Multiple sclerosis (MS) is a disease in which the immune system degrades the myelin sheath of nerve cells in the brain and spinal cord. The degredation of myelin in the brain and spinal cord hinders the brain's ability to communicate effectively with the body, this causes a wide range of symptoms. Symptoms of MS can be physical mental, and psychiatric. Symptoms occur either in relapsing forms, or progressive forms. In relapsing forms of MS symptoms appear as isolated incidents. In progressive forms of the disease the symptom increases over time.
Currently, the details on how MS works are still unknown. However, the prevailing thoughts are that the disease is either caused by the immune system degrading the myelin sheath, or that there is a defect in the myelin producing cells. The cause of the disease is also unknown, but it is thought that genes make affected individuals respond more negatively to certian environmental factors. MS is found twice as commonly in women than it is in men. Life expectancy for those affected by MS are, on average 5-10 years shorter than unaffected individuals.
Jean-Martin Charcot is credited with being the first person to describe the disease in 1868. The name of the disease comes from the legions or scars on the white matter of the brain and spinal cord, the legions are called sclerae.
The SNP Edit
The gene of interest codes for a protein called IL7RA. The IL7RA protein plays an important role in the signaling pathway of two growth factors. The two growth factors are IL-7 and TSLP. These growth factors determine how immune cells are specialized, and located.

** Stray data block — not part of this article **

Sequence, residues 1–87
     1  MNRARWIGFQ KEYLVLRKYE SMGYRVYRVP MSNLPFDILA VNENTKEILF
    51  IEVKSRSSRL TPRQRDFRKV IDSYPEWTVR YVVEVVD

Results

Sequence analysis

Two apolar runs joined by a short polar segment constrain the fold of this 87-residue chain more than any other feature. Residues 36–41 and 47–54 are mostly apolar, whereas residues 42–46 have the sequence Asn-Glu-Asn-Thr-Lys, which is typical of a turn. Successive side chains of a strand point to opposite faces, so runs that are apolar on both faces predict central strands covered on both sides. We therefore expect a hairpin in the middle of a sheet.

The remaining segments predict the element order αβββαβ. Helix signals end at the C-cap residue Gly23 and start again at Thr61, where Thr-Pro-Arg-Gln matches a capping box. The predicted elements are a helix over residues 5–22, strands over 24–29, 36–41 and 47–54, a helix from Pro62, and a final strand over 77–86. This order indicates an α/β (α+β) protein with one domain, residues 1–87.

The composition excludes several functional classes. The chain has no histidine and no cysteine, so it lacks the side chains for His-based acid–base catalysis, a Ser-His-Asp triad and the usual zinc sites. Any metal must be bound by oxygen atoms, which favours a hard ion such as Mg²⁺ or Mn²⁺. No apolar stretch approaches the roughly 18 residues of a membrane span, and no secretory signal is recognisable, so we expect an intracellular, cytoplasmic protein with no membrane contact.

The protein IL7RA is found in the membrane of immune cells, and also released freely into the blood. The concentration of both these forms affects signaling to immune cells, and thus how the immune system conducts itself. The C form of the SNP for this gene increases the amount of free floating IL7RA protein.
This is significant because it is noted that in MS patients IL-7 processes are shown to have been altered. However, it is not known how this change leads to the development of MS.
Lessons from Professor John Burke's Genotype Edit
The results from 23andme.com for professor Burke's Genotype states that there is a .17 percent chance that he will develop MS, and half as likely as others with a similar genetic history. This information is delivered with a high degree of confidence. One thing to take away from that information is that MS is one less disease that John Burke has to worry about developing.
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"Multiple Sclerosis." Definition. Mayo Clinic, 1998. Web. 14 Sept. 2014. <http://www.mayoclinic.org/diseases-conditions/multiple-sclerosis/basics/definition/con-20026689>
"23andMe - Genetic Testing for Ancestry." Log In. 23andme.com, n.d. Web. 14 Sept. 2014. <https://www.23andme.com/you/journal/multiplesclerosis/overview/>
"Cause of Multiple Sclerosis (MS)." Multiple Sclerosis(MS) Of Symptoms Are Causes. Neurology Muscular Dystrophy and Neuropathy Specialist, n.d. Web. 17 Sept. 2014. <http://www.beverlyhillsneurology.com/multiplesclerosis.htm>.